Emergency Prep for People with Neuromuscular Disease

From an evacuation to a power outage to a simple family emergency — do you have a plan that accommodates your special needs?

A tornado spawned by Hurricane Katrina hurled pine trees through Barbara Twardowski ’s roof, punching holes that let in the pouring rain. The home was about 40 percent destroyed.
by Quest Staff on September 3, 2010 - 10:43am

As storm season whips up, it’s wise to take stock of your emergency plan, especially if your mobility is limited.

Two veterans of weather emergencies — Barbara Twardowski of Mandeville, La. (who has Charcot-Marie-Tooth disease and uses a power chair) and Shelley Obrand of Davie, Fla. (who has a nonspecific form of muscular dystrophy and uses a power chair and respiratory assistance device) — offer these tips.

  • Designate a contact person who lives far away from you, so if telephone service is knocked out in your area there still is someone to coordinate information on people’s whereabouts.
  • If you’re evacuating, bring the assistive equipment that makes your life easier. During Hurricane Katrina, many people, thinking they would go home soon, left behind wheelchairs, canes, walkers and other items, says Twardowski, who dearly missed her tub transfer bench and portable ramp during her months away from home.
  • If you don’t have power but other areas do, pay an extended visit to an air-conditioned mall or store. During Hurricane Katrina, Obrand even brought along her BiPAP and plugged it in at a helpful shop.
  • Contact your local electric power company to ensure you’re on a priority list for power restoration.
  • Get to know your local fire fighters. “Drop by, say ‘hi, I’m here,’ and get a relationship going,” Obrand advises. “Sometimes they may ask you to do talks for other fire fighters.” The International Association of Fire Fighters is MDA’s largest sponsor, and fire fighters across the country work closely with MDA programs.
  • Don’t be ashamed to ask for or receive help.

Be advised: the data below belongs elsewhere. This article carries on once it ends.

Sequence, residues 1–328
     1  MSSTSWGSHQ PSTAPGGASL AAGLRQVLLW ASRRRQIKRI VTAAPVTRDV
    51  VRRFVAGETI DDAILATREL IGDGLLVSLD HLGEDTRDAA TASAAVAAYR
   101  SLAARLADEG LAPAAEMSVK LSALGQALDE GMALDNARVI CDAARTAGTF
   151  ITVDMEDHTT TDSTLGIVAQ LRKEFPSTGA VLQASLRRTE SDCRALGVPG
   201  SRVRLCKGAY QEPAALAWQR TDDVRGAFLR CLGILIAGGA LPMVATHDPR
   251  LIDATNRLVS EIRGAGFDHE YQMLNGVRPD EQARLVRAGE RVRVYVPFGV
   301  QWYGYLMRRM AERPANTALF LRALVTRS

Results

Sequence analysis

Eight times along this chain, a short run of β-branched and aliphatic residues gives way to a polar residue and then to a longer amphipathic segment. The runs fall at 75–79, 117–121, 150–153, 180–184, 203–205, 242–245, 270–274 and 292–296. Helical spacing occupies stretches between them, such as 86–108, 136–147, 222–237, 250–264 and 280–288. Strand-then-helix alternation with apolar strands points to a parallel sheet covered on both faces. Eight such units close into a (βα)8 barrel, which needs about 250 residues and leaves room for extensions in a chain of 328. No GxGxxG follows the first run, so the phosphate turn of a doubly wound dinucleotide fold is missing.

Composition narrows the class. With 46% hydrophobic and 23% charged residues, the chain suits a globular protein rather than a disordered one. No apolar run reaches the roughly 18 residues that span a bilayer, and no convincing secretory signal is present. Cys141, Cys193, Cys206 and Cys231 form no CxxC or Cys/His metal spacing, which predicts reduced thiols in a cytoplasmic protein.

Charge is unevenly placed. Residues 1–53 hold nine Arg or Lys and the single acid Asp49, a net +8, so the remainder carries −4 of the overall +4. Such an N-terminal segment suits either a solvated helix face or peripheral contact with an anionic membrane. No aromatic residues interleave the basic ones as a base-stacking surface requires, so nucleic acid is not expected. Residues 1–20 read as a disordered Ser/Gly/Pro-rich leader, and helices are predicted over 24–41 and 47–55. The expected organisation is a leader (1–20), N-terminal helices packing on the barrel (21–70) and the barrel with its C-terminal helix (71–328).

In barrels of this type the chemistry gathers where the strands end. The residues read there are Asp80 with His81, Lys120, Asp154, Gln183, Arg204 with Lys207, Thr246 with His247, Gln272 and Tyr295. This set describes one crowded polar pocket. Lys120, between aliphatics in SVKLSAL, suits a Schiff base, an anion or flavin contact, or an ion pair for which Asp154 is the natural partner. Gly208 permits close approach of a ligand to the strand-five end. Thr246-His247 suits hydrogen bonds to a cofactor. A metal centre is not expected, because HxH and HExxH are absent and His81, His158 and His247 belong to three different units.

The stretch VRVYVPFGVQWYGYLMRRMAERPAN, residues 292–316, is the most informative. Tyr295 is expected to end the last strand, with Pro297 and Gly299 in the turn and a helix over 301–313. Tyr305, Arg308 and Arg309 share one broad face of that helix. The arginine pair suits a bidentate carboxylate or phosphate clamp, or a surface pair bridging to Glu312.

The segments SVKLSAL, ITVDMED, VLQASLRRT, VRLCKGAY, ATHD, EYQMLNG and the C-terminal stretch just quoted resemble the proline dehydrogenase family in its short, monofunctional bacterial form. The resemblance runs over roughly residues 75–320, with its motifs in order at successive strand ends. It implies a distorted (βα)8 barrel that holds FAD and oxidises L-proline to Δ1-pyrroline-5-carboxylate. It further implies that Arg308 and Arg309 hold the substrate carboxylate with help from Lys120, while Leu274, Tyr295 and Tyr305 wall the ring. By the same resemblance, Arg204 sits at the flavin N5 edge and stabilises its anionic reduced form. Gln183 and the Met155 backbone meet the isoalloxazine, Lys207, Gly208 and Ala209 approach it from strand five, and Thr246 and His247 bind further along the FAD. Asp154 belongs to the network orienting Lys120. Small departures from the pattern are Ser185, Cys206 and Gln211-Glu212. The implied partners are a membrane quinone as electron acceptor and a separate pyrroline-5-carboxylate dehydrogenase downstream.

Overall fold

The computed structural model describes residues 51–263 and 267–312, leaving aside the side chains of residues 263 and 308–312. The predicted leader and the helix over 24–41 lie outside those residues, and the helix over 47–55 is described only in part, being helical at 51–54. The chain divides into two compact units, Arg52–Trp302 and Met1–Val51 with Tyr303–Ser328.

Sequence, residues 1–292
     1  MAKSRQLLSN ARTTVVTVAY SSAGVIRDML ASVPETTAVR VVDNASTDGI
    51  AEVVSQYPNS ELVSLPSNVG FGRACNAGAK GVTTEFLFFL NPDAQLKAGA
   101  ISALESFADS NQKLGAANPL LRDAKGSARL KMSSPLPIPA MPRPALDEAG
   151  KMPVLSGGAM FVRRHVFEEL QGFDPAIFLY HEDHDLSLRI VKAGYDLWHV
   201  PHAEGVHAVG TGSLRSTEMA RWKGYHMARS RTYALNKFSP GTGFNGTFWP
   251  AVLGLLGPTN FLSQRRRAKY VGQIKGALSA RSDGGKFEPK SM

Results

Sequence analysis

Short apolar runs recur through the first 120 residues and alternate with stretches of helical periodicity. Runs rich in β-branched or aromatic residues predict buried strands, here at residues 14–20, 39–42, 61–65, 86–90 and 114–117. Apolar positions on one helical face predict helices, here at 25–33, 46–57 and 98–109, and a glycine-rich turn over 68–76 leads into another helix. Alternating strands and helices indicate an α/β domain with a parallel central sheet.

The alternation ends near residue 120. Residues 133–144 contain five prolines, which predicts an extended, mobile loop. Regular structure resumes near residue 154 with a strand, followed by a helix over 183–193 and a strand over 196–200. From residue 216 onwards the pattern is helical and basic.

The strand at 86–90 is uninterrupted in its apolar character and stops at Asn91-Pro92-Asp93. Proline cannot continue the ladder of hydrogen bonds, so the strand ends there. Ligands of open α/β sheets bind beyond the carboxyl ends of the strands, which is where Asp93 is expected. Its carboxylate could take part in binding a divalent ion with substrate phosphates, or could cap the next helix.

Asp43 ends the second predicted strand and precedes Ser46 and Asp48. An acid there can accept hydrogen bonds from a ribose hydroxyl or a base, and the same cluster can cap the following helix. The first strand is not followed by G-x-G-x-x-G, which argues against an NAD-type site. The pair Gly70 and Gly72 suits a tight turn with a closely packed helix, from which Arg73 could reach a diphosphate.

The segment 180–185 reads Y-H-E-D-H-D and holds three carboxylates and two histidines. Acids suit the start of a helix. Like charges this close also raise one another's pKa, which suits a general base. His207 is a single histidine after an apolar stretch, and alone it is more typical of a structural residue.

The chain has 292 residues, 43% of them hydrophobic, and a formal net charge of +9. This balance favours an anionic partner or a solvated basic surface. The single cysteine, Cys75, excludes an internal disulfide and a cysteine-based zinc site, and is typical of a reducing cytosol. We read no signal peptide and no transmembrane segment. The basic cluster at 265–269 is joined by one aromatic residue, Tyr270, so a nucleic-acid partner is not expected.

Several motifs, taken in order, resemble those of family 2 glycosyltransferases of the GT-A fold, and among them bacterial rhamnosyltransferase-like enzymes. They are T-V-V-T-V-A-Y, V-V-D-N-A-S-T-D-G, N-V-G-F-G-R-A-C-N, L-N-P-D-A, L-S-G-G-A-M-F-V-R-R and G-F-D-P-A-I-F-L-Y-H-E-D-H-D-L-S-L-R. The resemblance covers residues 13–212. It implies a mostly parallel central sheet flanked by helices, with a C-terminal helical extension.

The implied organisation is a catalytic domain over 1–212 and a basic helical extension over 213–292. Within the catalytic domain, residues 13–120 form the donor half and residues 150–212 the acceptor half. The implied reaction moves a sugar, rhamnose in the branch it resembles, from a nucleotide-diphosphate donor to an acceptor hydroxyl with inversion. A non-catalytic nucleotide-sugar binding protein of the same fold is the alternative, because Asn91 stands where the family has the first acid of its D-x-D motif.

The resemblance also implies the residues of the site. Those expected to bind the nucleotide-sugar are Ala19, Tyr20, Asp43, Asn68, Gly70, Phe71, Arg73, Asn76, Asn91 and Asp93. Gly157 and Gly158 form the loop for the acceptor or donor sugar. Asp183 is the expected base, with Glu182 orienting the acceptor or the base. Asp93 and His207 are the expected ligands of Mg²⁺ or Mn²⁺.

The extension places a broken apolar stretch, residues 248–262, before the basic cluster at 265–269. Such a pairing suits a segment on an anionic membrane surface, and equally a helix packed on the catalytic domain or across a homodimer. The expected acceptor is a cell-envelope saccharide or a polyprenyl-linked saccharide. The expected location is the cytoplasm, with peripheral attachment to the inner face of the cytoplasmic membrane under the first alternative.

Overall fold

Read more about emergency prep for people with disabilities:

Preparing for Emergencies: A Checklist for People with Neuromuscular Disease
This detailed checklist also is available in Spanish.

One of several gaping holes in the Twardowski's roof.

Plan Ahead for Emergencies (of special interest to parents)
The mother of two daughters with spinal muscular atrophy describes how her emergency plan kicked in when one of her daughters had to be rushed to the hospital while the other was still at school.

Shelter in a Storm
Learn your city’s emergency evacuation plan for people with disabilities, advises this article, which also discusses evacuation, building a support network and safe rooms.

Tell 911 You Have ALS (for people who speak indistinctly)
“We’d planned for the times when I would need to call 911 for him, but we never thought about what would happen if he had to call 911 for me,” says Velma Yannayon, of Eastanollee, Ga., whose husband has slurred speech due to ALS. This became an issue when Yannayon had her own sudden medical emergency.

What Will You Do if the Power Goes Out? (for respiratory equipment users)
Heavy storms often cause power outages — not a comforting thought for people who rely on electrically powered equipment to breathe. Fortunately, there are a variety of back-up power options that can be used.

Emergency Roadside Assistance for Wheelchair Users
One in four people experience a roadside emergency each year. For people who use wheelchairs, this can be particularly difficult. ADA Nationwide Roadside Assistance provides emergency assistance tailored to the needs of people who use mobility devices and their modified vehicles, for an annual membership fee of $140.

Fun with Frances: Tales from an Emergency Pet Shelter
When a woman with ALS and her family were evacuated from their home during Hurricane Frances, they went to a shelter that would accept their pets. It was an “interesting” experience.

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